Gore And Dobnak Lead By Example
Image courtesy of Steve Buhr (Photo of Jordan Gore, Randy Dobnak)Unless you’re a pretty serious student of the Minnesota Twins’ minor league system or a Kernels season ticket holder, there’s a chance you’ve never heard of either of them.
Jordan Gore was selected by the Twins out of Coastal Carolina in the 17th round of the 2017 draft and Randy Dobnak never got a post-draft call at all after completing his college career at Alderson Broaddus University in West Virginia. They made the most of their college days on and off the field, both making the Dean’s List regularly at their respective schools.
Gore started his college career at South Carolina before transferring to Coastal Carolina in his hometown of Conway, SC, where he underwent Tommy John surgery and ended up sitting out the Chanticleers’ NCAA championship season in 2016. Having to sit out that championship season wasn’t as tough for Gore as one might think.
Jordan Gore (Photo by SD Buhr)
“Honestly you can say so,” Gore said, “but I’ve said this time and time again. That was best group of guys that I’ve ever been around as far as pulling for each other, working hard, all around good personalities and good people. It was probably better for me to sit back and watch how they did it. They taught me a lot about how to play the game the right way.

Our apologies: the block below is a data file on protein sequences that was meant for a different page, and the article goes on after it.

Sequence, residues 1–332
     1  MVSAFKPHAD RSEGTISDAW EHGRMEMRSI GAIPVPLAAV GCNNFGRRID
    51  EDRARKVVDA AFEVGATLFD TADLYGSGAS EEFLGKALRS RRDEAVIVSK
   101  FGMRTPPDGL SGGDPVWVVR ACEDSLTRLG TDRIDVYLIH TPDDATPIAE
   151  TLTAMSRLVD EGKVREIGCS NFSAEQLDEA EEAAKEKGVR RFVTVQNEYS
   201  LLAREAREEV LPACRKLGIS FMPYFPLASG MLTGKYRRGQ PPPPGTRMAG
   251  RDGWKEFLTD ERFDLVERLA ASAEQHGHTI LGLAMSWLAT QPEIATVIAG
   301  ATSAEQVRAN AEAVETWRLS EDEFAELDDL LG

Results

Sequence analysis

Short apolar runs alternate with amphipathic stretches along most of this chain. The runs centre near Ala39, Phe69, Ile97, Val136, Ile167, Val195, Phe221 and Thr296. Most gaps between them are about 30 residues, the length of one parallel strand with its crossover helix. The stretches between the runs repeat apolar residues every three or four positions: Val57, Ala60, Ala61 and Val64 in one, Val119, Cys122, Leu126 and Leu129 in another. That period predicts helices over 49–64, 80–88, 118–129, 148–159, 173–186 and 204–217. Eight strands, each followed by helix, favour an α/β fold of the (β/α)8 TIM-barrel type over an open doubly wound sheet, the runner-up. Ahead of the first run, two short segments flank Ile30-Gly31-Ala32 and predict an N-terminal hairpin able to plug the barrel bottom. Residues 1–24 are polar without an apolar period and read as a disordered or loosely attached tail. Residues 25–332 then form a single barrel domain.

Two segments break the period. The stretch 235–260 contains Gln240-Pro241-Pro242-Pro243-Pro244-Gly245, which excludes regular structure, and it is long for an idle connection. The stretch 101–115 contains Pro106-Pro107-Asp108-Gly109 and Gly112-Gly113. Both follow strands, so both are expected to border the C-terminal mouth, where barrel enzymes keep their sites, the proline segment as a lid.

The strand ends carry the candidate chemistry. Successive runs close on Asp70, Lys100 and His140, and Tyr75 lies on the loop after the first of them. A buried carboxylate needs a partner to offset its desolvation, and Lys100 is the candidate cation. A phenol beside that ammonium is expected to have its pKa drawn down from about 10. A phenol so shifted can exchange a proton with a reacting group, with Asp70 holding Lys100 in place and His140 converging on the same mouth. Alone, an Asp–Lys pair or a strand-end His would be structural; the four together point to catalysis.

“I’ve got nothing but love for everybody at Coastal. I tell you what, it made me a lot better person and a player.”
Dobnak pitched for Alderson Broadus University in Philippi, West Virginia, where he had a career 26-12 record and set a Great Midwest Athletic Conference record with 284 career strikeouts.
You wouldn’t fault Gore, a shortstop by trade, if he had been more than a little troubled by the fact that he was drafted by an organization that also used the first overall pick of the 2017 draft to select a guy who plays the same position. But Gore says he wasn’t concerned at all at the prospect of trying to work his way up through the Twins farm system virtually in tandem with top prospect Royce Lewis.
“Honestly, I was just happy to get the call because after my last (college) game it kind of hit me, man this could be the last time I lace my spikes up,” Gore said, concerning his draft position, “and Royce is a great guy. It’s great to be playing with him. It’s a lot of fun.”
Gore didn’t exactly follow the draft moment by moment, waiting to hear his name called, but admits being relieved when it was over.
“I tried to keep my mind off of it,” he recalled. “I tried to just stay away from thinking about it too much. When I finally did get the call, it was a lot off my shoulders because you can try not to think about it as much as you want, but it’s always going to be there.”
While Gore had to be patient on draft day, Dobnak wasn’t all that surprised that he didn’t get a call when the draft had been completed.
Randy Dobnak (Photo by SD Buhr)
“Being in the mountains of West Virginia, there were a few teams that were talking to me or my coaches,” he explained. “But when they’d try and come see me play, we’d get rained out, snowed out. too cold. So, I didn’t really know what to expect (on draft day).”